You can read about the series in our preview, while the starting lineup is below.
After a third consecutive comeback win, this time 10-5 against the Guardians on Friday, the Tampa Bay Rays look for a series win tonight in Cleveland.
The Rays enter play 20-games over .500 for the first time this season, and one game back of Boston in the division. They’ve won 12 of their last 15 games, seven of their last 10, and six of their last eight since the All-Star Break.
The 10 runs plated last night were the most scored on the road since May 20, and newcomer Nelson Cruz was in the thick of the run production.
In the second inning, the Rays plated three runs on Randy Arozarena’s Little League home run.
Then, in the third inning, Nelson Cruz did what he’s wont to do, hit an opposite-field homer to put the Rays up by four.
Yet, Josh Fleming, who got the start on Friday, allowed three runs on six hits and two walks while fanning one across four innings. The left-hander hasn’t completed five innings in any of his last four turns, hasn’t tossed a quality start since May 1, and has allowed crooked numbers in each of his last two outings (and three of his last five) after holding Cleveland hitless on July 7. The southpaw has performed to a 4.07 ERA and a 4.56 FIP, with a 1.14 WHIP, and a 2.33 K/BB across 77.1 innings on the season.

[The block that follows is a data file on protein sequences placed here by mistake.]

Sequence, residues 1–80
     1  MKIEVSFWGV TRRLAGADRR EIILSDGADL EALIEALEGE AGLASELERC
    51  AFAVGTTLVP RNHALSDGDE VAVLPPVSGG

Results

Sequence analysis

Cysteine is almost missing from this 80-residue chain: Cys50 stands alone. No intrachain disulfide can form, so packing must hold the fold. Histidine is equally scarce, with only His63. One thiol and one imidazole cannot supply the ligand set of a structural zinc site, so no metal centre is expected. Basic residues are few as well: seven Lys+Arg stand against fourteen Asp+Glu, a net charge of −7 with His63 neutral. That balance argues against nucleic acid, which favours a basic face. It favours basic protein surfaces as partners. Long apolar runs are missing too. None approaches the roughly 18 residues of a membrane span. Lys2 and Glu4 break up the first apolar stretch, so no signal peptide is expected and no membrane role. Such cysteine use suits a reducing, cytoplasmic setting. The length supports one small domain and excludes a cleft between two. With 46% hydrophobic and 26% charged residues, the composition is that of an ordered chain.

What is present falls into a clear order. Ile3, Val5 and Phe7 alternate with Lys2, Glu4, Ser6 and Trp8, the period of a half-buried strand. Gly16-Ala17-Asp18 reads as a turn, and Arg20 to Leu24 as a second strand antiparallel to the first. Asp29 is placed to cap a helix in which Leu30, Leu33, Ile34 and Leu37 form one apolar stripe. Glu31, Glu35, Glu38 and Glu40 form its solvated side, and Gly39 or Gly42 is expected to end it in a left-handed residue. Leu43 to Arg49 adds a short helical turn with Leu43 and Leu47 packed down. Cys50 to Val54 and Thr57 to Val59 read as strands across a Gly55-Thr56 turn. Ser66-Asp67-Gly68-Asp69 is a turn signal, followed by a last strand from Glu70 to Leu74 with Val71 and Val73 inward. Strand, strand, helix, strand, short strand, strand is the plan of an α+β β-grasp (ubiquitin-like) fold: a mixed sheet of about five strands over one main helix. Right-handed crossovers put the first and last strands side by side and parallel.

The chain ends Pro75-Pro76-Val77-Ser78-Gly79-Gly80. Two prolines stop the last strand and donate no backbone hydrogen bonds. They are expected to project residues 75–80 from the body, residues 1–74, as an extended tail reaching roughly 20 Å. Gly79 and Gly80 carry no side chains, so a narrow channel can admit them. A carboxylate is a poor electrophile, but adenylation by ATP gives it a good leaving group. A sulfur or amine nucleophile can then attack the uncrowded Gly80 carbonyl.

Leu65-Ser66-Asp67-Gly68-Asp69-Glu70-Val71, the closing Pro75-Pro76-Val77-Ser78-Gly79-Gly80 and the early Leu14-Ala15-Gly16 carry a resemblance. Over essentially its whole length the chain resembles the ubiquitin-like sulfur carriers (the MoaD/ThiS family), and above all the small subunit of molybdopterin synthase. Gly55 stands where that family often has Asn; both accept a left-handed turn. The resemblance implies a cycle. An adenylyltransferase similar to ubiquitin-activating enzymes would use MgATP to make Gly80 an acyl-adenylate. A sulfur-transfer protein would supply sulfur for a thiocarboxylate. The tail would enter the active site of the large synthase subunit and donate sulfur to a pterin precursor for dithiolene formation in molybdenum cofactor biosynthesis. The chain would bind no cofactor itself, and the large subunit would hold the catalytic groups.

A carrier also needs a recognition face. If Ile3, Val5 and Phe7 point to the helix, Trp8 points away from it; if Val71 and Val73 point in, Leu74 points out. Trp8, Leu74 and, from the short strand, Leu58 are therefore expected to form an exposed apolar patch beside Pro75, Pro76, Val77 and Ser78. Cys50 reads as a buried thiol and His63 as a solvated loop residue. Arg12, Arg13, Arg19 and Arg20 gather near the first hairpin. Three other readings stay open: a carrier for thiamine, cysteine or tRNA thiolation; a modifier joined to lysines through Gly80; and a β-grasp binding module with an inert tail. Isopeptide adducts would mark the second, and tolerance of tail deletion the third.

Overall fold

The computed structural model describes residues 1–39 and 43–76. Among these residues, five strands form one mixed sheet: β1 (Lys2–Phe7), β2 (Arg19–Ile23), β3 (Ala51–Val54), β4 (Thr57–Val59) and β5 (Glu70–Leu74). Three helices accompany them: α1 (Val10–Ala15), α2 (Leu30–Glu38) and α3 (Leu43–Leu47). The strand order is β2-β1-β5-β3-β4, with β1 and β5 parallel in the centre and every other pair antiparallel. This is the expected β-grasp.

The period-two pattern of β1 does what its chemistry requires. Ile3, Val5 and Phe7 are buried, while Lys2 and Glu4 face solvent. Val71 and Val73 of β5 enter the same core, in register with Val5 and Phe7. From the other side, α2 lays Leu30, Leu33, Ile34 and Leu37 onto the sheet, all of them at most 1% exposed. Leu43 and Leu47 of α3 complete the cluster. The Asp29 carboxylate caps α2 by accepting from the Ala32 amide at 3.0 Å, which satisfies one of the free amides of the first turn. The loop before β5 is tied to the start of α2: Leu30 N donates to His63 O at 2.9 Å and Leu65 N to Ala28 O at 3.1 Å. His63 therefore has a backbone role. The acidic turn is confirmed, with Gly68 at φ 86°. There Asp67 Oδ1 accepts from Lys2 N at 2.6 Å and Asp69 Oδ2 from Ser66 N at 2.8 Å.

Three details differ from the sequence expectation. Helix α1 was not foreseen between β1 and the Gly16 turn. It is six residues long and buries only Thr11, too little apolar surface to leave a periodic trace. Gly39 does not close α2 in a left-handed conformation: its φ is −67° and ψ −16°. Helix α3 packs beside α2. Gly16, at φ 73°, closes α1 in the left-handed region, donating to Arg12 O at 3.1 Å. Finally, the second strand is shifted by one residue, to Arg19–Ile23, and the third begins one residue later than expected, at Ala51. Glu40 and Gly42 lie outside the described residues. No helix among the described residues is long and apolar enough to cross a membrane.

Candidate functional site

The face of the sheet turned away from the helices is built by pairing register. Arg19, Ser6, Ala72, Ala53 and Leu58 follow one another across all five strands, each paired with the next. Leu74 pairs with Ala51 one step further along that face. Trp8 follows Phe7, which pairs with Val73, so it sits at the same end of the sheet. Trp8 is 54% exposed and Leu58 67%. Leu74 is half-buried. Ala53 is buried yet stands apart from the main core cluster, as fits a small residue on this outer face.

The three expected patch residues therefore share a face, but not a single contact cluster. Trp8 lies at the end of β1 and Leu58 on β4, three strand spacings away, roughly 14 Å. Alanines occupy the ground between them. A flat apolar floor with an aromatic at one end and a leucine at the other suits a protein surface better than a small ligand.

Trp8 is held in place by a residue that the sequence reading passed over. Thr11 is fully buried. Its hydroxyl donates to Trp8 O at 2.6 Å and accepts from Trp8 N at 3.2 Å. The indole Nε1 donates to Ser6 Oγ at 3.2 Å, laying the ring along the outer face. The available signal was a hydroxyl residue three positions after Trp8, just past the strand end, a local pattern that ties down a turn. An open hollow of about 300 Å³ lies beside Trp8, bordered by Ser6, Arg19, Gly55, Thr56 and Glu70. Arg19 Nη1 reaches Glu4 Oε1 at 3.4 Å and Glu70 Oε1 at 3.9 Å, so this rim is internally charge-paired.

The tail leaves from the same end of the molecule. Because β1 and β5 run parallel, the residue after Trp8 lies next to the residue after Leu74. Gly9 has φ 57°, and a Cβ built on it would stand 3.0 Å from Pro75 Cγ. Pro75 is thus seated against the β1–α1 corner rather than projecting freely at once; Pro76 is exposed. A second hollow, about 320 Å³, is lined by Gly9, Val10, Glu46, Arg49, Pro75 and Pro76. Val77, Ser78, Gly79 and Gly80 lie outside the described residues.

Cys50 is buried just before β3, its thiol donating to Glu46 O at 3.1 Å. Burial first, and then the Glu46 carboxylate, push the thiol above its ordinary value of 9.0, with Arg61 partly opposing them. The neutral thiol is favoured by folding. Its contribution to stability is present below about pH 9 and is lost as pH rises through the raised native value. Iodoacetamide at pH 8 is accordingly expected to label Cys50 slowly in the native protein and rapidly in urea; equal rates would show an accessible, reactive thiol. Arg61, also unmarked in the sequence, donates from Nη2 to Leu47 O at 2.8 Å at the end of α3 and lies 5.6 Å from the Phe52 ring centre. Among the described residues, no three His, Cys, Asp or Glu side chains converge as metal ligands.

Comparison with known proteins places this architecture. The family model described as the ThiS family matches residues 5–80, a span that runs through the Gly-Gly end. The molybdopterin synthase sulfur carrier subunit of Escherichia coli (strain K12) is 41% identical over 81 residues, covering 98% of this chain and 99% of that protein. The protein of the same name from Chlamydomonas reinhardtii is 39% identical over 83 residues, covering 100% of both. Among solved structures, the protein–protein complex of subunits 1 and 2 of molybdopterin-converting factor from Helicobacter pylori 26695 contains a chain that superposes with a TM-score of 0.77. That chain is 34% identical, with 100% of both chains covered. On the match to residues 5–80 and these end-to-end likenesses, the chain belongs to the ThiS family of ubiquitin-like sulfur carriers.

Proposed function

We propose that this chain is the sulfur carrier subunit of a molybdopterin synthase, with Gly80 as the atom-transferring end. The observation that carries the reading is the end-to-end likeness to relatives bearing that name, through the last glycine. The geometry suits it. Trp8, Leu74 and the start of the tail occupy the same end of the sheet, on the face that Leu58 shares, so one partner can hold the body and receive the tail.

Right-hander Matt Wisler gave up just his third run in 16 outings and 18 innings out of the Rays ‘pen (his second earned run in as many outings), tying the game at four apiece late in the game.
Even so, Tampa Bay erupted for six runs in the ninth inning against relievers Nick Wittgren and Blake Parker.
Joey Wendle singled to left-center field, driving in Arozarena. Two batters later, Ji-Man Choi launched a three-run homer. Cruz scored on Yandy Díaz’s groundout before Brett Phillips scored on Wander Franco’s single.
All told, the Rays have scored at least five runs in four consecutive games — all victories.
The New What Next
Drew Rasmussen (0-1, 4.55 ERA) will start for the Rays on a day that would have been Rich Hill’s bump day, however, he was dealt. Instead, Kevin Cash opted for a bullpen day. Toeing the rubber for Cleveland will be J.C. Mejia (1-5, 7.53 ERA).